Tn(t)e2e=Tn(t)loc+Tn(t)off+Tn(t)queue+Tn(t)c+Tn(t)comp(17)

•   Final model accuracies: to evaluate the final FL model performance in predicting the target hypertension condition, the training and testing phases are captured for accuracy measurement. Higher model accuracies indicate a better predictive performance and a more reliable model. Assessing the final model accuracies helps evaluate the effectiveness of the FL approach in improving the predictive performance of healthcare.

In FLR architectures, the consideration of local-global model communications leads to the possible drop of local model updates based on simulated resource efficiency and offloading scheduling, which severely affects the reliability of the system, particularly in real-time healthcare applications. The development of optimal prediction modeling and network topology setup have to be balanced for practical systems in real-world scenarios that can be highly congested, communicating/computing resource constraints, multi-personalized systems, or energy limitations. Fig. 4a presents the results on delivery ratios within 270 s of simulation throughout 3 different congestion states, from 30 to 270. The results show an average output of 99.96% for the proposed FLR, which is 0.06% and 0.1% higher than CI-FL and Conv-FL, respectively. The primary reason of CI-FL for aiming high delivery ratio is the target setting on resource-intensive computations. CI-FL prioritized delivering updates from resource-efficient nodes or with less computational load. While CI-FL ensures efficient communication, it leads to a high delivery ratio by favoring nodes that can handle computation-intensive tasks effectively. However, delivery efficiency comes at the expense of scalability and adaptability to resource-constrained devices, which may not perform well in real-time healthcare scenarios. Conv-FL demonstrates a high delivery ratio, but it appears to perform the least efficiently among the three approaches. The reason behind the delivery ratio of Conv-FL is attributed to its conventional communication strategies. Conv-FL is not adapted as well to network congestion or resource limitations. Consequently, while it maintains a high delivery ratio, it might be less suitable for real-time healthcare applications due to longer communication latencies. In the context of FL model communications, a high delivery ratio refers to a high proportion of successfully transmitted or delivered model updates, which indicates that the majority of the model updates sent by the local devices have reached the intended destination for aggregation/averaging without being lost or dropped during transmission. A high delivery ratio is desirable and achieved in the proposed FLR because the controlling policies and weight ω(n,s) placement signifies the high-quality contribution of different nodes and sets the priority level in serving resources. The missing features can be adapted following the high-weight nodes, which enhances the final predictive learning model. This result of efficient FLR in delivery ratio also comes from robust network infrastructure and connectivity, efficient data transmission protocols, optimized resource allocation, and effective loss/error mechanisms for logistic regression integration. By achieving the maximization of the delivery ratio, the proposed FLR can leverage a larger volume of diverse and distributed data from the local IoHT nodes, leading to improved global model accuracy and generalization. Contrary to delivery ratios, the proposed FLR, CI-FL, and Conv-FL reached the average drop ratios of 0.04%, 0.1%, and 0.14%, respectively, illustrated in Fig. 4b.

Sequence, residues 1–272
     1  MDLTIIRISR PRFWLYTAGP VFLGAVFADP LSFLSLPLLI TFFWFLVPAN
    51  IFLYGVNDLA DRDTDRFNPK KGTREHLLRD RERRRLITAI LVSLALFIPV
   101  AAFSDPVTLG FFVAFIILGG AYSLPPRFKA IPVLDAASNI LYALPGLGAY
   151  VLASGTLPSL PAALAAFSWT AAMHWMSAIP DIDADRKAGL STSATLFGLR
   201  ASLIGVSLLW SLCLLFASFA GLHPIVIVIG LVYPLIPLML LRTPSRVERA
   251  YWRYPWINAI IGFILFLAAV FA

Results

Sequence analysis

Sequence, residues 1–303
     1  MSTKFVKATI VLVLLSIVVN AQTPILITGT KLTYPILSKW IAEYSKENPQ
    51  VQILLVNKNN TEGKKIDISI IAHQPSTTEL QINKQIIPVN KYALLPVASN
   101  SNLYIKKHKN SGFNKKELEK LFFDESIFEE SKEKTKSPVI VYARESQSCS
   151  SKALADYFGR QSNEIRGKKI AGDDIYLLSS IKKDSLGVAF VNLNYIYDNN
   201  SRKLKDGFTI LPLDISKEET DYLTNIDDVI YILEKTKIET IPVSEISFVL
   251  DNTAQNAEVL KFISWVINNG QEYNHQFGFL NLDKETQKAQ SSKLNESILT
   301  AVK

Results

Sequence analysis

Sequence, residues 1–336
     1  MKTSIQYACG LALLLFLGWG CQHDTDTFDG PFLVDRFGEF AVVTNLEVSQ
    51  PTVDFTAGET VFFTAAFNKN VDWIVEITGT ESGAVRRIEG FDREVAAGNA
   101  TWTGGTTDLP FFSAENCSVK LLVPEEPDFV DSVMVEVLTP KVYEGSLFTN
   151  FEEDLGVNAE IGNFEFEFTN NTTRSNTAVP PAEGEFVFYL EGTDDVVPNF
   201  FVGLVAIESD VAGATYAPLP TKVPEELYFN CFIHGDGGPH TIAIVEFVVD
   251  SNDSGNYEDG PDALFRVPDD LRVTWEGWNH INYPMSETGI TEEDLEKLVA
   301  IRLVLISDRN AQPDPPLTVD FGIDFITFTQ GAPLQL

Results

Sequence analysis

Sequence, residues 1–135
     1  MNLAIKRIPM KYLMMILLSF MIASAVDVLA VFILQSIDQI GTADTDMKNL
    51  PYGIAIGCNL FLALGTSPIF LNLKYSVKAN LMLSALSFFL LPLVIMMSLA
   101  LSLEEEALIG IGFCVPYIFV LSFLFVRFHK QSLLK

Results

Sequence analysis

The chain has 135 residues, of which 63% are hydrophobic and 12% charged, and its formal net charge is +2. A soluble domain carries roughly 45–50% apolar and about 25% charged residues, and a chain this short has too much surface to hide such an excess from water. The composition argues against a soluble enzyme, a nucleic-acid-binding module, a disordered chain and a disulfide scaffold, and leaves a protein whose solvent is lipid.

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Figure 4: Results of proposed and baseline schemes on (a) delivery ratios of local model update, (b) drop ratios of local model update, (c) end-to-end execution latency, and (d) final model accuracies

The end-to-end execution latency is illustrated in Fig. 4c, which determines the total time for the FL operation to finish within each round of communication. The proposed scheme achieved an average latency of 14.8 ms, which is 26.2 and 41.1 ms faster than CI-FL and Conv-FL, respectively. This low latency output can be attributed to several factors. Firstly, FLR employs efficient controlling policies and weight placement (ω) strategies. The controlling measurement optimized communication between local devices and the central server. Secondly, the emphasis of FLR on high-quality data contribution from different nodes ensures that communication is streamlined, and data transmission is efficient. Thirdly, robust network infrastructure and efficient data transmission protocols play a role in reducing latency. Overall, FLR is designed to perform communication and computation tasks efficiently, allowing for rapid progress in each round of iteration. For CI-FL, it obtains higher end-to-end latency, which indicates that its resource-intensive computation methods contribute to longer communication times. While CI-FL excels in computational tasks, this approach might introduce latency when transmitting updates between nodes and the central server, which is due to the heavy computational load on resource-constrained devices, leading to slower communication. For Conv-FL, it also experiences relatively high end-to-end latency, which is attributed to its reliance on traditional communication methods that are not as efficient as the communication infrastructure employed by FLR. While Conv-FL maintains reliability in data transmission, it obtained results in longer latencies.